Those who don't use purchasing groups miss out on a range of services available to big buyers, such as help in reducing utilization costs and the ability to track clinical data.
But this situation appears to be changing. As physician groups face new limits on revenues from managed care, a growing number are looking at savings on supplies as one way to improve the bottom line.
"There's less pain in altering our purchasing practices than the alternative, which is to not have low enough costs to compete for managed-care contracts," says Roy Kaiser, purchasing manager for the Marshfield (Wis.) Clinic, a 525-physician group practice that operates 34 clinics throughout Wisconsin.
Marshfield is one of a growing number of large, highly integrated group practices that have started using their combined clout to negotiate preferred-price contracts with vendors. Through its own negotiated contracts and a buying arrangement with Milwaukee-based system Sisters of the Sorrowful Mother-Diversified Health Services, the clinic is on pace to hit its goal of reducing its approximately $30 million in annual supply costs by 20% by 1999.
"More and more, we are going to sole-source contracts," Kaiser says. "For example, we consolidated from about 10 endoscope repair providers to just one (Medical Surgical Specialties, Kalamazoo, Mich.). This has been a major adjustment for our physicians. Personal preference has been a way of life for physicians for a long, long time."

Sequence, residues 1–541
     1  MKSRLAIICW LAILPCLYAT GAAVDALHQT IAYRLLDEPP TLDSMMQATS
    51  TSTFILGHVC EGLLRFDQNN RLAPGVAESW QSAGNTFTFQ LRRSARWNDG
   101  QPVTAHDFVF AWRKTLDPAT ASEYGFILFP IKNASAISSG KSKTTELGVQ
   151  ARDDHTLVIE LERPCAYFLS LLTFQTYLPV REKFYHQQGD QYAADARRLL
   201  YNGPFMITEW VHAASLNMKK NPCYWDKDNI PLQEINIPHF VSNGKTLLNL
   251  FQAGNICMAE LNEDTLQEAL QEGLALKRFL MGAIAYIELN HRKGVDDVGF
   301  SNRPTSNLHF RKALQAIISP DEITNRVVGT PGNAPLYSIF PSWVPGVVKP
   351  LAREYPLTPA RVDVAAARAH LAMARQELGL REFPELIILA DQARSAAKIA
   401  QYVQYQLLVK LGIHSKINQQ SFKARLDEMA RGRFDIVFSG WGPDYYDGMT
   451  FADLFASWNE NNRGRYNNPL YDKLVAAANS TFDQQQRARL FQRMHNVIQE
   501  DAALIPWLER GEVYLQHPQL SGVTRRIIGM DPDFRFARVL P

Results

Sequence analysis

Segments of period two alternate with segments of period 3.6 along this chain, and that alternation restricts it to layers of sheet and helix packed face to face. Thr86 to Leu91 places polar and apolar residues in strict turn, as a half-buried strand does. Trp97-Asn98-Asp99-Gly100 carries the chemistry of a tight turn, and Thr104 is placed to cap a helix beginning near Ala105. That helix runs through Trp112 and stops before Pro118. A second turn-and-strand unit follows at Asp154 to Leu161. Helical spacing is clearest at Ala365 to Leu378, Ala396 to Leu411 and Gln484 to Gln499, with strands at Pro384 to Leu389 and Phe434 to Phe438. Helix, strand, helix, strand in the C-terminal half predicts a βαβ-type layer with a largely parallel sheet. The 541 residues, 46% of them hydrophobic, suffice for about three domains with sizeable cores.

Whether a group practice should buy as a unit depends on its size and organizational structure, says Bette Waddington, a consultant with the Denver-based Medical Group Management Association. "Large integrated organizations with multiple sites like some MSOs can take advantage of cost savings from purchasing as a unit," she says.
"Most of the MSOs and (physician practice management companies) are large enough that they are able to negotiate favorable rates with vendors without going through a middleman. But most group practices are too loosely structured to carry that off," she says.